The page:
"What if You Just Thought You Were Gay"I'll start this post off with a little joke that made me laugh (or if you prefer, "it brought the lulz"). "I like my women like I like my coffee...I don't like coffee." That's how Dan Rothenberg used to start his comedy routines when he was a gay comic back in the day. The only problem is that he's straight now, and not because he hated being gay.
If you've been reading this blog, or really most of the blogs on my blogroll, you should know about ex-gays and what the term means. Generally speaking, these are people that have decided (usually for moral or religious reasons), they no longer want to be gay. So, they work to either change their orientation, reduce their same-sex attractions, or simply avoid sexual contact with the same sex. I'm being simplistic, but you get the idea.
I've been researching, studying, and reading all about the ex-gay lifestyle (good one, huh?) for something in the neighborhood of 5 years now, and I'm fairly familiar with it. But, Dan Rothenberg, and lots of other guys out there, according to Details Magazine Online, turn out straight without ever going the ex-gay route. I guess you could call them formerly gay, or maybe just straight. The article over at Details discusses 4 former gays that never really were ex-gays. These aren't folks that tried to be straight or sought out some religious or political organization to help them solve their same-sex desires--they simply discovered that they were attracted to women and not men one day.
The idea sounds a bit weird to me, if for nothing else because I'm one of those Kinsey 10 people...I have no attraction to the opposite sex at all, as much as I've tried. And, of course, the first thing that came to mind for me was bisexuality. The author over at Details, though, dismisses that idea, saying the men were, in fact gay.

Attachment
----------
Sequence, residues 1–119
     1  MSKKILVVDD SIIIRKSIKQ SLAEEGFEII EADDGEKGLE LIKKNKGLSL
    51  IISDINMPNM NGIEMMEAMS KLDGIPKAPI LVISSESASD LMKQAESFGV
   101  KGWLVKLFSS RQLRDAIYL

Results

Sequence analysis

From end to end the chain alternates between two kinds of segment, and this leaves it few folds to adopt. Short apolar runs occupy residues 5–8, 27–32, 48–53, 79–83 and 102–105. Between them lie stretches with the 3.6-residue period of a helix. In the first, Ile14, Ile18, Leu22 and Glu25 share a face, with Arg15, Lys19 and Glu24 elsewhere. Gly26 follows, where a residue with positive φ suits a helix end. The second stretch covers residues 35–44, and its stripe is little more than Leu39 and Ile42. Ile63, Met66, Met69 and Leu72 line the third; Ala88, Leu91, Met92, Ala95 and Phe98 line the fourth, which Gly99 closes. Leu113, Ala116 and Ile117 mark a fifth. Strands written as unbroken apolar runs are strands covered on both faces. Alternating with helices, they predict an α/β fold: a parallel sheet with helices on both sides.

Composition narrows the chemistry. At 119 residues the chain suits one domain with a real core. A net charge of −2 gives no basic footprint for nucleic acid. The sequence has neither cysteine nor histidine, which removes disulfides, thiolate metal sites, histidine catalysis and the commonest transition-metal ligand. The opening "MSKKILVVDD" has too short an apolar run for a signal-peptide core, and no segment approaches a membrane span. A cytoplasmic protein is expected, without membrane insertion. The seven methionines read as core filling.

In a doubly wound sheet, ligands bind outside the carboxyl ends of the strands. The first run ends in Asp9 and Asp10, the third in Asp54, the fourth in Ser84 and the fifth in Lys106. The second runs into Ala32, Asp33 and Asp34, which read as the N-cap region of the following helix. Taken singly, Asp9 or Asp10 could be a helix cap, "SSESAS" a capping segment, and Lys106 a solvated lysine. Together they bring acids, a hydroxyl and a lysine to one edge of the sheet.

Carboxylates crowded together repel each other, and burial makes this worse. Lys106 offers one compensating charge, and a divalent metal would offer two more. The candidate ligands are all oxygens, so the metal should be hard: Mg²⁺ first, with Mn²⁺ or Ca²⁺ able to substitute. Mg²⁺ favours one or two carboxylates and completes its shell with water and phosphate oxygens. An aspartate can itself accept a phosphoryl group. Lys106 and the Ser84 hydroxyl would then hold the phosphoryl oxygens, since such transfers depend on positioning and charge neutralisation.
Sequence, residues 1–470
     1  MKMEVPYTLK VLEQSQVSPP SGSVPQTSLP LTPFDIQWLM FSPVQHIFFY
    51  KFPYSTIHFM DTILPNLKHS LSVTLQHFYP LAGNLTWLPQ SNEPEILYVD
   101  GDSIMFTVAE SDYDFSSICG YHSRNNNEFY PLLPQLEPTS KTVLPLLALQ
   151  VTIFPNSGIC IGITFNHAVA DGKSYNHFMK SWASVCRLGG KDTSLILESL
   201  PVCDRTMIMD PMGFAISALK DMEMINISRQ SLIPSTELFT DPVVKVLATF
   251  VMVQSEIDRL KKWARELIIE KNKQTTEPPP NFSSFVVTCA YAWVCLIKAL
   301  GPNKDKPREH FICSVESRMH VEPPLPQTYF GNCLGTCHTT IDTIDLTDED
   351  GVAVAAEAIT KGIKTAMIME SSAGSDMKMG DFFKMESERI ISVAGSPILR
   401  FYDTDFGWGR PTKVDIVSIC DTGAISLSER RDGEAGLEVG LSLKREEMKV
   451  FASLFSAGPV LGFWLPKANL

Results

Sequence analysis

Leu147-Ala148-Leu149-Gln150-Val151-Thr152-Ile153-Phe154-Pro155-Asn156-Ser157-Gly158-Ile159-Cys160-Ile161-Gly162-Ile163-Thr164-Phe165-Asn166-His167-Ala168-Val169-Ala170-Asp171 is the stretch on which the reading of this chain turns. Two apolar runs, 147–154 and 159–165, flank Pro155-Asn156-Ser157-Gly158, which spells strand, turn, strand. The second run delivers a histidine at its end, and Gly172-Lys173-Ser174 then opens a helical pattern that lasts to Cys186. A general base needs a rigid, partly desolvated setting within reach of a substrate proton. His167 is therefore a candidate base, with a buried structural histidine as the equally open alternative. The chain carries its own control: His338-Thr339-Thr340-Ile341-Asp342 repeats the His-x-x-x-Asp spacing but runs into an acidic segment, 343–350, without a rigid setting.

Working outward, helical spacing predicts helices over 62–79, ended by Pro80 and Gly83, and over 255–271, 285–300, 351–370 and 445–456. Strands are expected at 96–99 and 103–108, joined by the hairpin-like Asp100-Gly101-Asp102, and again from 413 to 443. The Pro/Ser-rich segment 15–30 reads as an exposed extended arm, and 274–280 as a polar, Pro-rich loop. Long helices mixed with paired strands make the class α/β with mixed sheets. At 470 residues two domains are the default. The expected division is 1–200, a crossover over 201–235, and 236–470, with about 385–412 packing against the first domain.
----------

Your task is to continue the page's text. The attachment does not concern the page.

Intriguing, to say the least, but then I read on, and the bisexual dismissal started to sound just a little fishy. Even if I let the bisexual idea slide, experimentation, rather than orientation, seems to be the most likely reasoning to explain this phenomenon.
Let me explain:
The first person in the article (the comedian I mentioned above) "discovered" that he was "a bit of a boy magnet" in his early 20's after performing his stand-up routine in a gay area of San Francisco. He goes on to claim that he found hooking up easy for the first time in his life. So, before his 20's, it sounds like he'd never leaned gay, but realized he could get some action if he were. The article mentions the comedian is 35 and married for 7 years but realized 5 years before that that he probably wasn't gay. That made him early 20's when he thought he was gay and 23 when he decided he wasn't. Not a real strong argument for gay turning straight. Sounds more like straight guy experiments, realizes it's not for him, and then goes back to being straight again.
The second guy isn't quite as easy to categorize, but he did say that he was "all about girls" until he hooked up with his first guy. Basically, he hooked up with a guy for whatever reason, and liked it, but he was never not attracted to girls. Most gay guys don't describe themselves as being "all about women."
The third guy describes chasing women post-college as a "chore" and realized when he went to gay bars he "got hit on like crazy." According to the story, he convinced himself that dating men would be easier than dating women, so he gave it a shot with 2 guys for a couple of months each. Basically, he decided it wasn't for him and he went back to women. Experimentation strikes again.
The fourth guy says he thought he was gay from early on but had to fantasize about women to achieve an orgasm. I'm not really sure what was going on with him, but not being able to have sex with a man pretty much means you're not gay, regardless of what you've convinced yourself.
So that's the article in a nutshell. I'm not claiming that no one has ever thought they were gay (or even been gay) and then all of the sudden realized they were straight (hey, I've seen plenty of stories where it happened the other way around), but let's not go jumping the gun here. We can't forget that bisexuality happens and experimentation happens. Whether or not you agree with "trying out" both sides, just hooking up or even dating the opposite sex, doesn't immediately mean you're gay, as much as this articles seems to think it does.